Profit From Your Forecasting Software
A Best Practice Guide for Sales Forecasters
SAS Institute Inc
1. Auflage April 2018
240 Seiten, Hardcover
Wiley & Sons Ltd
Preis: 51,90 €
Preis inkl. MwSt, zzgl. Versand
Go beyond technique to master the difficult judgement calls of forecasting
A variety of software can be used effectively to achieve accurate forecasting, but no software can replace the essential human component. You may be new to forecasting, or you may have mastered the statistical theory behind the software's predictions, and even more advanced "power user" techniques for the software itself--but your forecasts will never reach peak accuracy unless you master the complex judgement calls that the software cannot make. Profit From Your Forecasting Software addresses the issues that arise regularly, and shows you how to make the correct decisions to get the most out of your software.
Taking a non-mathematical approach to the various forecasting models, the discussion covers common everyday decisions such as model choice, forecast adjustment, product hierarchies, safety stock levels, model fit, testing, and much more. Clear explanations help you better understand seasonal indices, smoothing coefficients, mean absolute percentage error, and r-squared, and an exploration of psychological biases provides insight into the decision to override the software's forecast. With a focus on choice, interpretation, and judgement, this book goes beyond the technical manuals to help you truly grasp the more intangible skills that lead to better accuracy.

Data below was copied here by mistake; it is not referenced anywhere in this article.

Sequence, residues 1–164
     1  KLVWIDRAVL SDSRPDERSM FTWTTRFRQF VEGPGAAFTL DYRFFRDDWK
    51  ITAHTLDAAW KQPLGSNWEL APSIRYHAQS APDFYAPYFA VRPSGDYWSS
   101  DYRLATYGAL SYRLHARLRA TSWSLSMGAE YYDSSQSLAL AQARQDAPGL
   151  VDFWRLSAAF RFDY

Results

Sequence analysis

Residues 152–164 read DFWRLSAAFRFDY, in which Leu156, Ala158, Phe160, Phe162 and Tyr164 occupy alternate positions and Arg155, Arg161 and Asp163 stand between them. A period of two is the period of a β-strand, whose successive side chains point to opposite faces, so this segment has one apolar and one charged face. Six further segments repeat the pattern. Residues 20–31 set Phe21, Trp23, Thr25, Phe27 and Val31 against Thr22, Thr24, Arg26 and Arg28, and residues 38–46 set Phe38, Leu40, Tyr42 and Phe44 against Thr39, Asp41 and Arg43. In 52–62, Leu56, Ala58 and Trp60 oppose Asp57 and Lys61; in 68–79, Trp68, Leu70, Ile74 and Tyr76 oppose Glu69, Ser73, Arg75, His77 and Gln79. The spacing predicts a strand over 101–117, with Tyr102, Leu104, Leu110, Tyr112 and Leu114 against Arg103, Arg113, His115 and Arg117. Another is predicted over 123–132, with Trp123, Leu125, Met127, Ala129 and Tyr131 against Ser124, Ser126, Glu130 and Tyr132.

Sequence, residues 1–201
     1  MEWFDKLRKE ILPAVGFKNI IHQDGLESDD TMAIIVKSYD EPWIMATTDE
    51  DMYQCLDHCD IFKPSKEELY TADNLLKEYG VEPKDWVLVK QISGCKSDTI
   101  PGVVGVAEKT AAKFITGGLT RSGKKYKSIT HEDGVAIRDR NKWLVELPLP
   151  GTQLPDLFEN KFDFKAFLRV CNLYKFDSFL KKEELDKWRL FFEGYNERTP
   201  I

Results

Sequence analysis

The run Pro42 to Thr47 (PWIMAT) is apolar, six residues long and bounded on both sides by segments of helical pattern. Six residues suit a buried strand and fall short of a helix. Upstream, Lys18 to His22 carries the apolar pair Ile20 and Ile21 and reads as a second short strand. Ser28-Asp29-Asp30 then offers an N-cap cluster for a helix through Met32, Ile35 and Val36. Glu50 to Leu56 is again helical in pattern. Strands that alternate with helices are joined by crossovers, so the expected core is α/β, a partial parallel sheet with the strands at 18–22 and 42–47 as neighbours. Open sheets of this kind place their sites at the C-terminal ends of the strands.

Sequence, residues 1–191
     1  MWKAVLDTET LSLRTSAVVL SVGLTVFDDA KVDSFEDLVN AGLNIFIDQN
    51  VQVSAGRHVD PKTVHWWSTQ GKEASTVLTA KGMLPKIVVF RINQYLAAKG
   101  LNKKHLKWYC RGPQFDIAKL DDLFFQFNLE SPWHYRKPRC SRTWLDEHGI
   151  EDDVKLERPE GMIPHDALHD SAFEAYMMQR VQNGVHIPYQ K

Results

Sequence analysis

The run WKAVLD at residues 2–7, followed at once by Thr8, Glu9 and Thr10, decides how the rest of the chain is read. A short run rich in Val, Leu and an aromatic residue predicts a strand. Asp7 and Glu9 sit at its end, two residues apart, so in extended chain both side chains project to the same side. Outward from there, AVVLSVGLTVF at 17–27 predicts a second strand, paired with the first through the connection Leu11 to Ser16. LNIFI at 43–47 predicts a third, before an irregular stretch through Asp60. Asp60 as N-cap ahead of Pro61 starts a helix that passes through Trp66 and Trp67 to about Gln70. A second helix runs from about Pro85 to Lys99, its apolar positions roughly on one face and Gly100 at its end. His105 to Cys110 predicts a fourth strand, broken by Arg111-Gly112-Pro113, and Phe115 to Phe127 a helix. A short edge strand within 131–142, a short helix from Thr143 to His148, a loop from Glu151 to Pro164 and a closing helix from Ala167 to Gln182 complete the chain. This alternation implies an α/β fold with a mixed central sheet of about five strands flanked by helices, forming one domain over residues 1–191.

* Explore the advantages and disadvantages of alternative forecasting methods in different situations
* Master the interpretation and evaluation of your software's output
* Learn the subconscious biases that could affect your judgement toward intervention
* Find expert guidance on testing, planning, and configuration to help you get the most out of your software
Relevant to sales forecasters, demand planners, and analysts across industries, Profit From Your Forecasting Software is the much sought-after "missing piece" in forecasting reference.